How do you know that someone respects you? For starters, their behavior demonstrates concern for your welfare & your feelings. They're also considerate to those who are close to you. They never reveal your confidences & they always try to do what's best for you. They acknowledge your boundaries: they take "No" for an answer & don't keep pushing against your limits. They consider your point of view & take your opinion seriously. They don't gratuitously try to irritate you; they think about how their behavior is likely to affect you. They keep their promises & don't make excuses for their mistakes. They don't get defensive when you call them on something & they apologize when they mess up. They listen carefully to what you have to say & answer the questions you ask them. They never, ever try to manipulate, coerce or bully you. They never, ever betray or abuse you. Everyone deserves respect. Now you know what to look for. 

I was shone respect by example.  First, by some of the teachers I had, then by my counselors.  I struggled with accepting being treated with respect.  I kept looking for the catch; what was their angle?  What did they want from me? I struggled with trusting their behavior to be exactly what they represented.  I posted Ruthless Compassion's definition and invite my readers to share: how do you define respect?  What does it look like and act like?

Friday, September 27, 2013

Gave my power away.....

Sometimes it's hard in a relationship to know how much to be accommodating & how much to be assertive; how much to be easy-going & how much to set a limit. There's no perfect way of being, but there is a way to be most true to yourself: work on paying attention to whether the child within is in charge of your behavior or if it's the empowered adult part of you. When the child within gets triggered by something your partner has said or done, he tends to over-react b/c he isn't really responding to today's partner but rather, to someone from the past who hurt or disappointed him. This will cause you to feel more upset with a particular behavior than you would be if the adult part of you were in the forefront. Resist the urge to act on the child's feelings & see if you can address these internally. (These triggers are a great opportunity to do some inner work.) When you deal with the child's reaction internally, this makes room for the adult part of the psyche to come to the forefront & then it will be your best, most conscious & empowered self who is responding to whatever your partner did. From this POV, your response will be mature, appropriate & most likely to move the relationship forward to a better place.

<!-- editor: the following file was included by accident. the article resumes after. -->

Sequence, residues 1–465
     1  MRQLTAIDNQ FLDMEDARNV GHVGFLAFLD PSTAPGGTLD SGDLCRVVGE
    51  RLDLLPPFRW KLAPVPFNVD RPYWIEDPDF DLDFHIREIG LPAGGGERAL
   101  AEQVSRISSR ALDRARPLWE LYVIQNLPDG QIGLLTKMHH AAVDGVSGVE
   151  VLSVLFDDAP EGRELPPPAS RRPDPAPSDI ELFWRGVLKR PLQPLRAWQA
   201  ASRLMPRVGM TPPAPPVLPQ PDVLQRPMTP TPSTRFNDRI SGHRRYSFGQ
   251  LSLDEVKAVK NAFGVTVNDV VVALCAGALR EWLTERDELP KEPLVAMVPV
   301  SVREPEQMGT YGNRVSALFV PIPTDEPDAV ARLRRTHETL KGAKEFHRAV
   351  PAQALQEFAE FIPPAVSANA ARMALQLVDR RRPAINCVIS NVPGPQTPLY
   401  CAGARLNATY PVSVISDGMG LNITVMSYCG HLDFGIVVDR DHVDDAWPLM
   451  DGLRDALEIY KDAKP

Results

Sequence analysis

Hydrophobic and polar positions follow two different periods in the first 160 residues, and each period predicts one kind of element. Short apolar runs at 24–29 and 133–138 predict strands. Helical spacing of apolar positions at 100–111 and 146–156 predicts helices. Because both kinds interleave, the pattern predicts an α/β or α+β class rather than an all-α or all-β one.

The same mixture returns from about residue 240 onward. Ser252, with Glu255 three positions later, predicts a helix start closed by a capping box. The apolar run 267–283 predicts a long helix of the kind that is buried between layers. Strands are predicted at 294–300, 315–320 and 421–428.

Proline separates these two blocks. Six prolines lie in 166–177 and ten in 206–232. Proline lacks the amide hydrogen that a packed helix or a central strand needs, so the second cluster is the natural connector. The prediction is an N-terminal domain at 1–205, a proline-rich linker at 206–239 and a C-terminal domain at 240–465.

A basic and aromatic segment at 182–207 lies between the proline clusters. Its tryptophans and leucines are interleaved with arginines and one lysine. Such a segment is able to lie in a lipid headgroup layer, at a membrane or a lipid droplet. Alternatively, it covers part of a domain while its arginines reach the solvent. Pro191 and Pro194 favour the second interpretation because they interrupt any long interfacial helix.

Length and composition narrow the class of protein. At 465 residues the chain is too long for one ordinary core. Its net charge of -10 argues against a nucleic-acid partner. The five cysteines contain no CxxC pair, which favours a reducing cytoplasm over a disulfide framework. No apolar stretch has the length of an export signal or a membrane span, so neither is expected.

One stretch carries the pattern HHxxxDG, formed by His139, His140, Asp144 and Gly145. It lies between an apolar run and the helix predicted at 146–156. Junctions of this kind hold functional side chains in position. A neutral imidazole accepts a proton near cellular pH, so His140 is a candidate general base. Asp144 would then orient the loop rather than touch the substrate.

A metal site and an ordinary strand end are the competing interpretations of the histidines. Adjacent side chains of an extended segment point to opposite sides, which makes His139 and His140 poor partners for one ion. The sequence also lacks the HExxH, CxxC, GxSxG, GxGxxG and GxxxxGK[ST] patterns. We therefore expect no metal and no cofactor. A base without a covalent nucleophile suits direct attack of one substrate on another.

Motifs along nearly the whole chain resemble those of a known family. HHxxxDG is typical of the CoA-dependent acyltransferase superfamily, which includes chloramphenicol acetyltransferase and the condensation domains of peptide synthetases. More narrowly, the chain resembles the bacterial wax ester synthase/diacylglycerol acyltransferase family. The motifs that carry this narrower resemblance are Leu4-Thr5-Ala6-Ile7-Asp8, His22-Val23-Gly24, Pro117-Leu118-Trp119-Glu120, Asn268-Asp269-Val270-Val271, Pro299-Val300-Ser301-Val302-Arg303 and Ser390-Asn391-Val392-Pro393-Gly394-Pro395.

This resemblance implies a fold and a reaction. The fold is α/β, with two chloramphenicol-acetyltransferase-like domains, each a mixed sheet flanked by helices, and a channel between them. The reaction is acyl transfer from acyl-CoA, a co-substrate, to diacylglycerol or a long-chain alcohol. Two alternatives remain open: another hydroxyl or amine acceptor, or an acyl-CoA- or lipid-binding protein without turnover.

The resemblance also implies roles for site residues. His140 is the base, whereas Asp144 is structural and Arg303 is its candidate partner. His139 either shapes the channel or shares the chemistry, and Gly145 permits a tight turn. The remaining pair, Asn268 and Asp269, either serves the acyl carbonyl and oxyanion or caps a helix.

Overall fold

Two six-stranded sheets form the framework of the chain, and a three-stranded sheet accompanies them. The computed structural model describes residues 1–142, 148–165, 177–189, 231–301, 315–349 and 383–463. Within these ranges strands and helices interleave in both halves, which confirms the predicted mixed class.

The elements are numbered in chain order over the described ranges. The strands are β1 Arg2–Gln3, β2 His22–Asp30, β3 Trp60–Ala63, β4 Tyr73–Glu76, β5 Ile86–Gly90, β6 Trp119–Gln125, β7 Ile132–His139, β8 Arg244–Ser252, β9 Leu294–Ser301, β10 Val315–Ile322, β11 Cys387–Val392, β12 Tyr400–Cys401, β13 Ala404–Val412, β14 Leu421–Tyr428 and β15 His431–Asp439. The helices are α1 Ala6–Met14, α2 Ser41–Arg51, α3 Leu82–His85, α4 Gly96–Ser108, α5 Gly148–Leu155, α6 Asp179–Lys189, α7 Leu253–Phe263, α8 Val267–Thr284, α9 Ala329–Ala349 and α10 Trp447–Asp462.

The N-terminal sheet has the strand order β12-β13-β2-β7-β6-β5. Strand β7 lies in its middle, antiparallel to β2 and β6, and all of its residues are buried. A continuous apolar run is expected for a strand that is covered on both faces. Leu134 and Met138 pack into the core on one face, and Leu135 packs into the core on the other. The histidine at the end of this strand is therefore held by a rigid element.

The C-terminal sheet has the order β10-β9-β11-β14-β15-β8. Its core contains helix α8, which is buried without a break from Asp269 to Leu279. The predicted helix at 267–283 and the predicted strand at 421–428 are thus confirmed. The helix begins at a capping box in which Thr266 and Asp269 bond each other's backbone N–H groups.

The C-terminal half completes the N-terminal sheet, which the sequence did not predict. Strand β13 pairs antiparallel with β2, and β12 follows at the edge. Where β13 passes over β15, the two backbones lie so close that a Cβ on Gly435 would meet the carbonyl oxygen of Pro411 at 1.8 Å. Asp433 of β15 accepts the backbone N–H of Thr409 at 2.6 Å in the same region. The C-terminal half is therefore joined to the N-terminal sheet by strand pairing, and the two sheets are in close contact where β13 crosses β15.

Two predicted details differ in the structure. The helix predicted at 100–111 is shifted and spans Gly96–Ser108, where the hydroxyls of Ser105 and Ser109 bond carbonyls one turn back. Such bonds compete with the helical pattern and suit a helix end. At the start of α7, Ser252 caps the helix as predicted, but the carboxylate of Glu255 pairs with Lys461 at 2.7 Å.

Before counseling, this statement from Ruthless Compassion would have made no sense to me.  I did not know that I had power of any kind.  Early on in my counseling, KavinCoach asked me why I gave my power away. I felt confused. What power? I didn't have any power to give away in the first place.  I felt upset that he expected me to understand something that I didn't even know what he meant.  This is one of the hardest things about childhood abuse.  An abused child gives up their personal power before they know they have it.  Many, many counseling discussions centered around my feeling that I did not have any power over any thing.  KavinCoach excelled in finding illustrations that worked for me.  He started talking about the power I had over the computers I repaired.  I talked about my approach to fixing computers was, "Computer - cooperate or I will wipe your hard drive!"  I just can't do that with people.  People cannot be reformatted.  So I didn't understand how I could have power.  I considered myself a spineless worm that made a very good doormat.  I even squelched my anger about being a doormat and accepted it as my station in life.  I even worked at being a better doormat than any other doormat.  KavinCoach knew his biggest challenge was for me to comprehend my inborn power that every person has.  People give up their power to please others, out of fear, addictions, negative habits, and for many other reasons.  I believe this is an ongoing battle between good and evil.  Good teaching people that they are powerful Children of God.  Evil telling people that they are powerless and useless without control over themselves or their destiny.  No matter the country, the era, government or any other personal challenges the basic day to day living is about leaning what power we have and how to use it to create the lives we dream of.  I gave my power away so completely that I stopped dreaming.  KavinCoach asked me what I wanted and I reacted as if he told me that I was going to have to put a rattlesnake in my pocket.  He kept trying to see that I had the power to reach my dreams...I am working on developing my power to dream and believe it is possible to achieve those dreams.